ARUSHA– Deepening economic integration, strengthening regional peace and security mechanisms, and implementing the road map for the attainment of the East African Community [ EAC ] Monetary Union are some of Dr. Peter Mathuki’s key priorities in steering the regional integration agenda in the next year.
The EAC Secretary General underscored these priorities during a virtual forum dubbed, ‘State of the EAC Forum – SG’s 1 year in office,’ seeking to share the progress, achievements, and challenges of the EAC in the last year, and the way forward.
He listed the admission of the Democratic Republic of Congo [DRC] into the bloc, adoption of 35 percent as the 4th Band of the EAC Common External Tariff, and resolution of 23 pressing Non-Tariff Barriers [NTBs] among the key achievements the Community registered during the last year.
“On November 12, 2021, the EAC Sectoral Council on Trade, Industry, Finance and Investment [SCTIFI] finalized and adopted the review of the EAC Elimination of Non-Tariff Barriers Act, 2017 and referred it to the EAC Sectoral Council on Legal and Judicial Affairs for legal scrubbing,” noted Dr. Mathuki.
Further, he shared that five EAC Partner States had launched their own Trade Information Portal [TIP]. The portals map out all imports, exports and transit procedures, including fees and time in the respective Partner States in an effort to enhance regional trade.
“The Secretariat is currently mobilizing funds to enable the Republic of South Sudan develop its own Trade Information Portal so as to minimize trade bottlenecks in the region,” he added.
On the Monetary Union, the Secretary General shared that four EAC Partner States; Burundi, Kenya, Uganda and Tanzania have expressed interest and submitted their applications to host the East African Monetary Institute [EAMI].
“A verification Committee undertook a verification mission to the Partner States that have applied to host EAMI, to verify their suitability, and compiled a report that will be tabled before the 42nd Meeting of the Council of Ministers scheduled for later this month,” said the Secretary General.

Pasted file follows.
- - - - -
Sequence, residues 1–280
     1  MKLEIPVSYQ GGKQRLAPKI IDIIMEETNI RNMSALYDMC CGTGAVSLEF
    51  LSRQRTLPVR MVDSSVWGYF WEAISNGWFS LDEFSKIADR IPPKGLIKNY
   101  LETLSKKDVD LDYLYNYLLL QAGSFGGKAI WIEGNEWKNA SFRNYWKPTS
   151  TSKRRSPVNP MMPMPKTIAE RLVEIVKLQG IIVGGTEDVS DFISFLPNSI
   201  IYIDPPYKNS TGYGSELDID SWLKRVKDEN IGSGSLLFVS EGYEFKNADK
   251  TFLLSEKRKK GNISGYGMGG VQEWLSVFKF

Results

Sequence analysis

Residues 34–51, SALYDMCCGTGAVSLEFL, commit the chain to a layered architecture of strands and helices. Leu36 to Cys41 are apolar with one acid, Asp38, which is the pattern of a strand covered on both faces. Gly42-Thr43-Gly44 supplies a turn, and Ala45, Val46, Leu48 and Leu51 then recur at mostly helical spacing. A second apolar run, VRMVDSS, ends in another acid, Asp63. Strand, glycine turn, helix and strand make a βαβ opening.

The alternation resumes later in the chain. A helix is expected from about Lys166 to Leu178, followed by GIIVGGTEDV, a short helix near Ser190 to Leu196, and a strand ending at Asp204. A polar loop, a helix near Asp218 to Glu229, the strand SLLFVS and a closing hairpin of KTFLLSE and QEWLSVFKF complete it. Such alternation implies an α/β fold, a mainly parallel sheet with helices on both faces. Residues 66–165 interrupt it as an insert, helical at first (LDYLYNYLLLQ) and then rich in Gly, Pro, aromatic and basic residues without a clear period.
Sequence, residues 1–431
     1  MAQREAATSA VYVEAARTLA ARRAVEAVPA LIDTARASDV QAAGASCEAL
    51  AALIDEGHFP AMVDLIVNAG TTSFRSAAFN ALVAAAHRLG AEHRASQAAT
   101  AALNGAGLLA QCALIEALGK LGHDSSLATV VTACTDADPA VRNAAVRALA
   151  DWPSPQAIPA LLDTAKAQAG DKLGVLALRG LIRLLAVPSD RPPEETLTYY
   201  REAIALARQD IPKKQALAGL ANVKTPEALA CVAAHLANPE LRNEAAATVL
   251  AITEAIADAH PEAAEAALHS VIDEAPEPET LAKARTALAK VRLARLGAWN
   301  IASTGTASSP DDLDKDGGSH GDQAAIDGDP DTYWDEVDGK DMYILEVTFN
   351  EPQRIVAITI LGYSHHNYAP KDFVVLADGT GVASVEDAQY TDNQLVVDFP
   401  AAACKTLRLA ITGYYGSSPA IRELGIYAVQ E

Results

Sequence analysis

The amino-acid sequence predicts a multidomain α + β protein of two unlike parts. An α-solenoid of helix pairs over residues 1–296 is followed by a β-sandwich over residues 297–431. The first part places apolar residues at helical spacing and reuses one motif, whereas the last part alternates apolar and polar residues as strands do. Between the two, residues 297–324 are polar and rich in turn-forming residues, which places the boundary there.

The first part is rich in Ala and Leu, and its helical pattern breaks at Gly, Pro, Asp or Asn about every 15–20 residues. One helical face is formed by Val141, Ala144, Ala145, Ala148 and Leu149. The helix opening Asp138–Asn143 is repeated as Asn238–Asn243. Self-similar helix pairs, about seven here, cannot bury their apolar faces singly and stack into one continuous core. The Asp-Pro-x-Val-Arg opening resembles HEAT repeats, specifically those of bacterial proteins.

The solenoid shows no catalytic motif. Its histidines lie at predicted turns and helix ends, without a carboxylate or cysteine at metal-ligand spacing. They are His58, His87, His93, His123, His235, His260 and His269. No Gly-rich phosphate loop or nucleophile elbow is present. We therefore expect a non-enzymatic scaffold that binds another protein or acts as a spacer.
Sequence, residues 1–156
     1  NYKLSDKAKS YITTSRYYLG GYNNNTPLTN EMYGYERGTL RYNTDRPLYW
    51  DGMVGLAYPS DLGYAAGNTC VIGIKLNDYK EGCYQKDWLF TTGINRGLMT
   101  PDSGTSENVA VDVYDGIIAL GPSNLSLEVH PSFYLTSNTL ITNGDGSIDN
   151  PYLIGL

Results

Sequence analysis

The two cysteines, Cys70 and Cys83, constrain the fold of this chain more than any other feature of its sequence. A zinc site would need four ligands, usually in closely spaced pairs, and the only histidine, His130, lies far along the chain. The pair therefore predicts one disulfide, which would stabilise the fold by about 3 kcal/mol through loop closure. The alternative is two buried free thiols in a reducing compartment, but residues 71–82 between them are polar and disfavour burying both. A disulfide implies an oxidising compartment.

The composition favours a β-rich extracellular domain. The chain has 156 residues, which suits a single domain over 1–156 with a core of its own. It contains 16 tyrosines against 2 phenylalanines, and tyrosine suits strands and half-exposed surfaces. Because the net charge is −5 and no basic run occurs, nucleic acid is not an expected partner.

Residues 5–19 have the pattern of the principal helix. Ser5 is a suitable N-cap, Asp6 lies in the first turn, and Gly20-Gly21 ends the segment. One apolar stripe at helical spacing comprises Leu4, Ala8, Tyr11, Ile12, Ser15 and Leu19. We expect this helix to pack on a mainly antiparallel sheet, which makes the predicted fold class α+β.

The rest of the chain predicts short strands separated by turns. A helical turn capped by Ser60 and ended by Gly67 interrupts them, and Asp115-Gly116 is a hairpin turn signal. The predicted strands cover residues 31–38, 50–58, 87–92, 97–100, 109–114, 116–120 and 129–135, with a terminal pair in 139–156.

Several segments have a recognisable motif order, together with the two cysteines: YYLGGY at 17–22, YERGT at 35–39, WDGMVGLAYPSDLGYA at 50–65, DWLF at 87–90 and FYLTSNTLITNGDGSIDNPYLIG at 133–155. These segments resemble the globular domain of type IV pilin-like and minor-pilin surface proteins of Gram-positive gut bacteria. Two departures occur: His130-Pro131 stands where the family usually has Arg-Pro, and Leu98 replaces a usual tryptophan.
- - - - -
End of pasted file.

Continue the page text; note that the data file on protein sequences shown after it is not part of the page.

On the EAC Political Federation, Mathuki revealed that national consultations for the drafting of the EAC Political Confederation Constitution have so far been held in the Republics of Burundi and Uganda, and plans are at an advanced stage to hold similar consultations in Tanzania, Rwanda, Kenya and South Sudan in the 2022/2023 Financial Year.
In highlighting the challenges faced by the Community in the last one year, the Secretary General pronounced the Covid-19 pandemic as a major challenge. “The Covid-19 pandemic grossly affected the implementation of the Community’s activities, projects and programmes,” said Mathuki.
He also noted that efforts where underway to ensure the conclusion of the process of developing a sustainable funding mechanism for the Community.
“The conclusion of the sustainable funding mechanism will address the financial challenges that the Community is experiencing, as we continue to engage with development partners to support EAC projects and programs,” he added.
“The EAC will in the coming year focus on strengthening regional governance, political commitment, and inclusivity to improve peace and security in the build-up to an EAC Political Confederation. In addition, the EAC will also prioritise Infrastructure development and increased participation of different stakeholders such as the private sector in the regional integration process,” Mathuki said.
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